The world must prepare for ‘tangible economic implications’ if it is to cap global warming to the 1.5°C limit agreed in the Paris Climate Accord.
Consultancy group Wood Mackenzie says countries have the means, motive and opportunity to to accelerate the energy transition and limit temperature increases.
But doing so may shave 2% of global gross domestic product (GDP) by 2050, which may not be recoverable until the end of the century.
That is according to Wood Mackenzie’s new report entitled ‘No Pain, No Gain: The economic consequences of accelerating the energy transition’.
Peter Martin, the organisation’s chief economist, said: “While preventing more extreme warming is likely to have a positive economic impact over the next 30 years, the action required to deliver it could have an offsetting negative effect. Net, we estimate that keeping warming to 1.5°C would shave 2.0% off our base-case gross domestic product (GDP) forecast for 2050.”
Some economies will “feel the effects more than others”, with less developed and low-income countries likely to bear a “disproportionally high burden” during the transition.
Economies that are already closer to net-zero targets will see a smaller economic impact from now to 2050, Wood Mackenzie’s research shows.
Mr Martin added: “For a fortunate few, the transition need not result in economic loss at all. Those that are better positioned – typically wealthier economies with a strong propensity to invest in new technologies – may even benefit by 2050.”
Under Wood Mackenzie’s base-case outlook, the global economy is set to double in size in real terms ‒ from $85.6 trillion to $169 trillion ‒ by 2050.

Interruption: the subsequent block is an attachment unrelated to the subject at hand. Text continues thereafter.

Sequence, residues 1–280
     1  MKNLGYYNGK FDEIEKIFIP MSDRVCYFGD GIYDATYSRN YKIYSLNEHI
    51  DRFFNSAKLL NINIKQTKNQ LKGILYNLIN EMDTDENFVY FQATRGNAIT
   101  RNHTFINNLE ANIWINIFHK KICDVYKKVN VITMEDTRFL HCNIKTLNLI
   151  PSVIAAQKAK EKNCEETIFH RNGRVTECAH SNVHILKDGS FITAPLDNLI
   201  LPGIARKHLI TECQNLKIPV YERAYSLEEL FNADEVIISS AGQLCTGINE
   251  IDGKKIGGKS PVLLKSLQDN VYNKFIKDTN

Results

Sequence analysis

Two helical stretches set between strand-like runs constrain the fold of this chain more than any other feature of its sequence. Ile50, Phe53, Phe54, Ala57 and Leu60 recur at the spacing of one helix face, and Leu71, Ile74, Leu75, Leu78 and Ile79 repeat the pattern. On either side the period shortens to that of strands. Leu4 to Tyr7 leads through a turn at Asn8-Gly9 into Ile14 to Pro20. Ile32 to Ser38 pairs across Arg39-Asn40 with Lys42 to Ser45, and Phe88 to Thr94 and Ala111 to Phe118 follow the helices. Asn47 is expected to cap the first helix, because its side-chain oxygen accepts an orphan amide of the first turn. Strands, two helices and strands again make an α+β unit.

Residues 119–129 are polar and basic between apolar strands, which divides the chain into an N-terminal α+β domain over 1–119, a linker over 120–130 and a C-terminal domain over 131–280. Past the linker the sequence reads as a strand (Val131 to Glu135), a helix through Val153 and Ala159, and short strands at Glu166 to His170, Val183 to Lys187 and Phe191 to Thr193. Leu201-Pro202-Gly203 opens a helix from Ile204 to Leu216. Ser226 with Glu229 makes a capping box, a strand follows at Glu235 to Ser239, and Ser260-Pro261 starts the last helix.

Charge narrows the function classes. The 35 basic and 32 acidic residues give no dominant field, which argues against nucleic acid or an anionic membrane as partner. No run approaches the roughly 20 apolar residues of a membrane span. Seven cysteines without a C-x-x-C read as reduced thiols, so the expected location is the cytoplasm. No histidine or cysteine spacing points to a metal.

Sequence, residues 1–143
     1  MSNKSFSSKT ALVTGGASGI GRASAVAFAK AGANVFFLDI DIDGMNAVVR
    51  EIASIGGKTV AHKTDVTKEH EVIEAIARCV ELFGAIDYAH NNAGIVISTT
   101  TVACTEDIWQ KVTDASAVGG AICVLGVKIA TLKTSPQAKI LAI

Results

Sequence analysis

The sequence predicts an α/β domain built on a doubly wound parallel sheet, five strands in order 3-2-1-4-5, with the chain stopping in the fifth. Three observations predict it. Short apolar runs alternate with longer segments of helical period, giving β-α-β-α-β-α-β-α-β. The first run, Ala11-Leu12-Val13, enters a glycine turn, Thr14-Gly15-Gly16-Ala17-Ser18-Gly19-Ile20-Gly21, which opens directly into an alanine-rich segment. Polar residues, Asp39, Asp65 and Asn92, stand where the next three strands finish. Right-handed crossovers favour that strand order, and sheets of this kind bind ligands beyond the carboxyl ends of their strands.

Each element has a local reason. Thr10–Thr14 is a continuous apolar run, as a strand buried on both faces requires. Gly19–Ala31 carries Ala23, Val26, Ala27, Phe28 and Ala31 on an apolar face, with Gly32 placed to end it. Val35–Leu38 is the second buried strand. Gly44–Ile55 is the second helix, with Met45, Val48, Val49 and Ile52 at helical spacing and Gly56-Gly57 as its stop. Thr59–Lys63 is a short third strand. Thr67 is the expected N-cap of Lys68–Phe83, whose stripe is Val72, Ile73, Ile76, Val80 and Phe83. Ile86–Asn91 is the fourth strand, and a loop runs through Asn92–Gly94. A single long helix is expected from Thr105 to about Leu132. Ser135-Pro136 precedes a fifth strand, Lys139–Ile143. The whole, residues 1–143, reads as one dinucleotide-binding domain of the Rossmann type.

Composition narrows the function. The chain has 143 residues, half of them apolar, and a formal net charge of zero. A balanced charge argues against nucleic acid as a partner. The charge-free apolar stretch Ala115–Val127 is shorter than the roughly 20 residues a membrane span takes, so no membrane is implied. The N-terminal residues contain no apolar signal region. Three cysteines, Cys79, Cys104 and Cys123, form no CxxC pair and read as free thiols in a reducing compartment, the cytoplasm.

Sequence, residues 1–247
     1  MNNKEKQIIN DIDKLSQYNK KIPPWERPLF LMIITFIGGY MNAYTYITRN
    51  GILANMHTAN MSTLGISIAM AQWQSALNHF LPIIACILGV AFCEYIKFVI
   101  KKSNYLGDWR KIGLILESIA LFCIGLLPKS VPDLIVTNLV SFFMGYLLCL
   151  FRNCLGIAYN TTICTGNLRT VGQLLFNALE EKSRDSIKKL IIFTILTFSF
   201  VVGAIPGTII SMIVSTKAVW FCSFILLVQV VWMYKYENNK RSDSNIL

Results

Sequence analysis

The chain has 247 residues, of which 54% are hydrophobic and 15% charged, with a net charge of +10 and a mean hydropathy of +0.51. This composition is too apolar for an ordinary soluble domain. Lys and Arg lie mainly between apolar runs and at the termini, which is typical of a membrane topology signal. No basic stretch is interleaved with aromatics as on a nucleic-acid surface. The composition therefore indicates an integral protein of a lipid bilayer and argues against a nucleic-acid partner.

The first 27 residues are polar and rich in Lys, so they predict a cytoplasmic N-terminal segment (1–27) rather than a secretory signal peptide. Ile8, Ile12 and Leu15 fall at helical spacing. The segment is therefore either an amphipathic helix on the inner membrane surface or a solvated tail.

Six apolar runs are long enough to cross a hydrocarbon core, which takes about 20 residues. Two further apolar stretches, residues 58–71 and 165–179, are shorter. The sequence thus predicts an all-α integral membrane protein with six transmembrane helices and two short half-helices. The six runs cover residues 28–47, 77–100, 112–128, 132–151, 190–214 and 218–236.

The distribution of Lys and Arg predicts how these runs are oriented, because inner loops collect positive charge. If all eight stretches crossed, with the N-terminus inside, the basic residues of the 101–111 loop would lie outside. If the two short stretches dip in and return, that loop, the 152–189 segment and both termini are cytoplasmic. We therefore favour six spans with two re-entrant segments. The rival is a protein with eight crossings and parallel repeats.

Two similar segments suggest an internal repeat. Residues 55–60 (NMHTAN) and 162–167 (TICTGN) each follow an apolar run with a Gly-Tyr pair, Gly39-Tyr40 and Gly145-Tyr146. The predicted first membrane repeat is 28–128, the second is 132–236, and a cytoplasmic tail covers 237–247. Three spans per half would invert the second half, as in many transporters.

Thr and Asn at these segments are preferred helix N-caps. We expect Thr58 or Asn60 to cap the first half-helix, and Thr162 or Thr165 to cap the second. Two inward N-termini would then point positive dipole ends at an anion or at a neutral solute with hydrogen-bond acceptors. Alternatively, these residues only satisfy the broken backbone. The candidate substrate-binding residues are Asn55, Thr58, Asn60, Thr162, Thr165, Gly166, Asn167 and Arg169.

Accelerating the energy transition will “inevitably alter this” though.
Mr Martin said: “In our 1.5°C scenario, annual global GDP hits US$165 trillion in 2050. The cumulative loss of US$75 trillion over 2022 to 2050, while material, amounts to just 2.1% of total economic output over the period.
“A turning point is reached after 2035. Under our 1.5°C scenario, global GDP growth outpaces the base case, kick-starting the slow convergence of GDP levels. Lost economic output is eventually recouped before the end of the century.”
He added: “Many factors will influence global GDP over the next 30 years, some of which are unknown. It is important to stress that the outcome may vary significantly, for better or worse.”
But Wood Mackenzie stressed that the economic impact of energy transition will not be felt evenly.
Economies with high renewable penetration in power generation and advanced power grids are well placed for a low-carbon future.
They tend to be in wealthier economies with deep capital markets and a high propensity to invest in new technologies or an existing presence in nascent transition sectors.
Meanwhile hydrocarbon-exporting and carbon-intensive economies will incur the biggest losses of economic output.
Minimising the economic shock of the energy transition relies on diversifying economic activity, Wood Mackenzie said.
Within that pool of hydrocarbon-exporting countries, some, such as Saudi Arabia, have substantial financial reserves to invest in non-hydrocarbon sectors, while other, such as Iraq, do not.
Martin said: “Iraq is the country most vulnerable to the energy transition, with hydrocarbon revenues accounting for 95% of all government revenue and the oil sector making up 36% of GDP. An accelerated energy transition would slash Iraq’s GDP by 10% in 2050 versus our base-case outlook.”